24. A fail-safe sensor for detecting water temperature and the presence of water in a water boiler,
wherein the sensor comprises a PTC heater and a temperature detector provided in a single housing;
the PTC heater comprising a resistive element having an electrical impedance which increases with increasing temperature in accordance with a positive temperature coefficient characteristic;
wherein the sensor is located at a low water cut-off level location in the boiler for immersion by the water on a wet side of the sensor housing, and wherein a controller is connected to electrical terminals of the heater and temperature detector on a dry side of the sensor housing; and
wherein the PTC heater is operable in a heating mode to bring the sensor to a self-regulating temperature that is measured by the temperature detector to confirm a fail-safe temperature thereof in response thereto, and wherein the sensor in a cooling mode cools to the temperature of the medium and wherein the temperature detector senses the temperature of the medium, and wherein the controller calculates the time constant of the thermal decay rate of the sensor, and determines the presence of a water or air medium.
25. The fail-safe sensor of claim 24, wherein the PTC heater further comprises a first and second terminal for electrical connection thereto; and
the temperature detector comprises a first and second terminal for electrical connection thereto;
wherein the first terminals of the PTC heater and the temperature detector are electrically connected together to form a three terminal circuit.
26. The fail-safe sensor of claim 24, wherein the sensor housing further comprises a thermally conductive and electrically insulative material formed about the heater and temperature detector to provide a close thermal union between the heater and temperature detector.
27. The fail-safe sensor of claim 24, wherein the low-water level location is representative of a fail-safe operation level of the water in the boiler system.
28. The fail-safe sensor of claim 24, wherein the temperature detector comprises at least one of a PTC thermistor, an NTC thermistor, a platinum resistance wire element, a thermocouple, and an integrated circuit temperature detector.
29. The fail-safe sensor of claim 24, wherein the PTC heater comprises one of a PTC thermistor and an integrated circuit heater operable to heat and self regulate the sensor at a self-regulating temperature that is measured and confirmed by the temperature detector, thereby providing fail-safe operation of the sensor and the boiler.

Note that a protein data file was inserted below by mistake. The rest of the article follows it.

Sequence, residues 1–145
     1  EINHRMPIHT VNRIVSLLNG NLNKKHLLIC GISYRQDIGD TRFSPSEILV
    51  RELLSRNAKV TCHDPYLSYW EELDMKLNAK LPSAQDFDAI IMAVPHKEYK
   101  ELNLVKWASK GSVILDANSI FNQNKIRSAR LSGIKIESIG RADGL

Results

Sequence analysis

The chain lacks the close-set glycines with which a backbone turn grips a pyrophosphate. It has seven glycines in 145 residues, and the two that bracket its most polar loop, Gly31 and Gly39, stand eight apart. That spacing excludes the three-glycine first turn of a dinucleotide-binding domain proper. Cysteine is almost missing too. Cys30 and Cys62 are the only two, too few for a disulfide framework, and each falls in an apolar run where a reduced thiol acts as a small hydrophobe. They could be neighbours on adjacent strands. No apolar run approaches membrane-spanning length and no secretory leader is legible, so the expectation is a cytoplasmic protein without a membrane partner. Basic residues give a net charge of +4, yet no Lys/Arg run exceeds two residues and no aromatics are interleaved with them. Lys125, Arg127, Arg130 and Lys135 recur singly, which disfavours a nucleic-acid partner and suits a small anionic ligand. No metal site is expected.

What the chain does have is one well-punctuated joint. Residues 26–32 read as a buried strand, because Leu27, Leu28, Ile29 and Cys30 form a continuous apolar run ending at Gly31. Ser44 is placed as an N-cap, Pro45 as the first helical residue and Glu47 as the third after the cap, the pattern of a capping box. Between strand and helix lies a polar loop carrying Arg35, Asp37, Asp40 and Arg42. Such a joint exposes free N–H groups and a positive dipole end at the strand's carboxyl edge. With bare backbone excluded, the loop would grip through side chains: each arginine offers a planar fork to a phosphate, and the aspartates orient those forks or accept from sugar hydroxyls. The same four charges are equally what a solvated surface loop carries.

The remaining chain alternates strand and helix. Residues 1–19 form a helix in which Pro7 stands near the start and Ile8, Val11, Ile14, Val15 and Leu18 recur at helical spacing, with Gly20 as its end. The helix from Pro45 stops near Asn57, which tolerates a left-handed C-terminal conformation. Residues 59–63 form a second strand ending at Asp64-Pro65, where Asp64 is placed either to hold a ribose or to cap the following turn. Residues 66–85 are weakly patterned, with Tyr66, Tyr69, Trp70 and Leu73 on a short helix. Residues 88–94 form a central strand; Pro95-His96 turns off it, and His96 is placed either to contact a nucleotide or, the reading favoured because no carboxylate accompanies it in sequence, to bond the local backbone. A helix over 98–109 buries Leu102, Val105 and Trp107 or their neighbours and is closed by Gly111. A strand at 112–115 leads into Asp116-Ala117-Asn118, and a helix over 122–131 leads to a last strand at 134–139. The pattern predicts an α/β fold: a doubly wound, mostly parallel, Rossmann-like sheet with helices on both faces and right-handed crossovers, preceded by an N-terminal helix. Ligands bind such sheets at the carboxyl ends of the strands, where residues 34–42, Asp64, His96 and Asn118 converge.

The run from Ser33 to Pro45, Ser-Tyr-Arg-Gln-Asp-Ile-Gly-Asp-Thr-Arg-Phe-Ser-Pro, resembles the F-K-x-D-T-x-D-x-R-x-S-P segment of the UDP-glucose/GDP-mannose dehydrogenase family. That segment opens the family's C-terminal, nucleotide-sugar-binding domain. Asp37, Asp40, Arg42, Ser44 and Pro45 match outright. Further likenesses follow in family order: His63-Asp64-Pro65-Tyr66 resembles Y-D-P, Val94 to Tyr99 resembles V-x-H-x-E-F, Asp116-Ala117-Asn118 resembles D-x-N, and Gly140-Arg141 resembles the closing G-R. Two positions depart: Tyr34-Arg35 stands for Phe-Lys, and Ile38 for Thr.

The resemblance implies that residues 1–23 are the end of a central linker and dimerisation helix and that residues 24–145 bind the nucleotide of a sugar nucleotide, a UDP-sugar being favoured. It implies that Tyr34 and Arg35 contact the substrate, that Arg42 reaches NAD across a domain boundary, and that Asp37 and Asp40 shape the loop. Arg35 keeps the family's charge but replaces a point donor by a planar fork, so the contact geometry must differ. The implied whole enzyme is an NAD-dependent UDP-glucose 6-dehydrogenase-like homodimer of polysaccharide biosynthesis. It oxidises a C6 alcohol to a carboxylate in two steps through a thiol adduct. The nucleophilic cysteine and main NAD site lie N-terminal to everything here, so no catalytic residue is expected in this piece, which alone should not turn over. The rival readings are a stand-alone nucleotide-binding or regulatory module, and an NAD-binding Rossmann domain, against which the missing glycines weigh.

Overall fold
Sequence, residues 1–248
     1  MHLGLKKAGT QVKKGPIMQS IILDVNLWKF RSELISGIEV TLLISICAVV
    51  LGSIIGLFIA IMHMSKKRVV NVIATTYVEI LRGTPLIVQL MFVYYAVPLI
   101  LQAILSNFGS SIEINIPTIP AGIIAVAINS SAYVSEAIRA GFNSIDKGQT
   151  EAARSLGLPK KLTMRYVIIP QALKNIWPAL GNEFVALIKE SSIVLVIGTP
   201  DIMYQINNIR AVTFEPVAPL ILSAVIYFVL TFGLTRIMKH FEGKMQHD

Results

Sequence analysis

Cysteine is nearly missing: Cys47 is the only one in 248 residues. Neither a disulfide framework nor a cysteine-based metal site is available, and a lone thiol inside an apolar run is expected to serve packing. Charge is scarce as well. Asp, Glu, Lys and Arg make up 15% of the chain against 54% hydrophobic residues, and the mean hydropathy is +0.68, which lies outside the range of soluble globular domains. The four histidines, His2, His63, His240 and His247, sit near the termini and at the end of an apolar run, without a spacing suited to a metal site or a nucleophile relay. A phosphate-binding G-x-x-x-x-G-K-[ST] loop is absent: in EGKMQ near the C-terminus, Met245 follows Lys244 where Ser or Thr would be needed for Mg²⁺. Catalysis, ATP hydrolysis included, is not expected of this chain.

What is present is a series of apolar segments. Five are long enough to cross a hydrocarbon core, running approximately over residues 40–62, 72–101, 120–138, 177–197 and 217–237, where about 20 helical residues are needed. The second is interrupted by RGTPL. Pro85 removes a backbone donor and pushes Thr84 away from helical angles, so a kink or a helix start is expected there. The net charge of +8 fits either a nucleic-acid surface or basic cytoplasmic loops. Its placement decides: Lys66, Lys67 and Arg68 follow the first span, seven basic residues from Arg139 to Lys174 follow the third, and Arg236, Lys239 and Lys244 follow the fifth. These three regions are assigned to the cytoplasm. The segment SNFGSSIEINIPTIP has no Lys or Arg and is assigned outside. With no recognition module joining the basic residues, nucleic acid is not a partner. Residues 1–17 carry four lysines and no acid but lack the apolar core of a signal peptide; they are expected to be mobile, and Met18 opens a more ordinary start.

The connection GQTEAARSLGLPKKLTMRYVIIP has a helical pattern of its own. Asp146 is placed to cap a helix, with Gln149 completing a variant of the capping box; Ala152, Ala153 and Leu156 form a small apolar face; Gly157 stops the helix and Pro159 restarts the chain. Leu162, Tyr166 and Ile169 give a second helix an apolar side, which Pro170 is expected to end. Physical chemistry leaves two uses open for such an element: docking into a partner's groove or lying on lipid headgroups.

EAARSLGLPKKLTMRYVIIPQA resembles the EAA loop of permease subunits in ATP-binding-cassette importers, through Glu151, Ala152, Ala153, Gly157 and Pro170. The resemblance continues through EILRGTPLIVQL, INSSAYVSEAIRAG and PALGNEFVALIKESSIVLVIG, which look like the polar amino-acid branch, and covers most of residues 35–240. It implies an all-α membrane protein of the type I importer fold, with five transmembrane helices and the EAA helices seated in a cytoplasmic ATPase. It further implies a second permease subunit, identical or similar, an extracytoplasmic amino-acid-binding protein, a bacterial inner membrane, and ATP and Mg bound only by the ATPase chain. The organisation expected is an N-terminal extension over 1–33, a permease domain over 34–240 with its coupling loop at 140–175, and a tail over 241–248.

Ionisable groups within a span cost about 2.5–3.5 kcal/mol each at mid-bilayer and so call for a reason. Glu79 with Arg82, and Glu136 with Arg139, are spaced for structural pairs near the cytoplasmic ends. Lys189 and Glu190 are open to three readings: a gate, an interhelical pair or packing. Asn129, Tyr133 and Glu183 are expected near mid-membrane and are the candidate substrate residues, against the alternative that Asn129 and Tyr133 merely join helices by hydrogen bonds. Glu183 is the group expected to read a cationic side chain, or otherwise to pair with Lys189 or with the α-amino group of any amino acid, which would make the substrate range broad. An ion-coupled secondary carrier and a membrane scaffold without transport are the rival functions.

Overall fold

30. The fail-safe sensor of claim 29, wherein the integrated circuit heater is further operable to digitally communicate to an analyzer one or more of a temperature signal generated by the sensor, a sensor parametric input, a sensor model, a sensor serial number, a manufacturing date, and a calibration temperature.
31. The fail-safe sensor of claim 24, wherein the PTC heater and the temperature detector are pre-fabricated together on a single integrated circuit die operable to heat and self regulate the sensor to a self-regulating temperature that is measured and confirmed by the temperature detector, thereby providing fail-safe operation of the sensor and the boiler.
32. The fail-safe sensor of claim 24, further comprising an analyzer that interprets thermal decay data wherein the presence or absence of the component or medium at the sensor may be determined in a fail-safe manner by calculating the time constant of the thermal decay rate of the sensor upon cooling from the self-regulating temperature as measured by the sensor temperature detector.
33. The fail-safe sensor of claim 24, further comprising:
a memory storage component; and
an analyzer operably coupled to one or more fail-safe sensors and the storage component, the analyzer having a temperature and presence detection algorithm used by the analyzer to detect the temperature and presence of a medium in contact with respective sensors and to detect sensor failures;
wherein temperature signals generated by respective sensors are provided to the analyzer and utilized within the temperature and presence detection algorithm by the analyzer to generate a sensor temperature and a sensor thermal time constant computation, the level of which provides one of an indication of a low-medium alarm, and a sensor alarm.
34. The fail-safe sensor of claim 33, wherein the analyzer is operable to measure the resistance of the one or more sensors to provide the temperature signals.
35. The fail-safe sensor of claim 33, wherein the analyzer is operable to receive one or more sensor parametric inputs provided by the manufacturer, and a self-heating temperature of the sensor.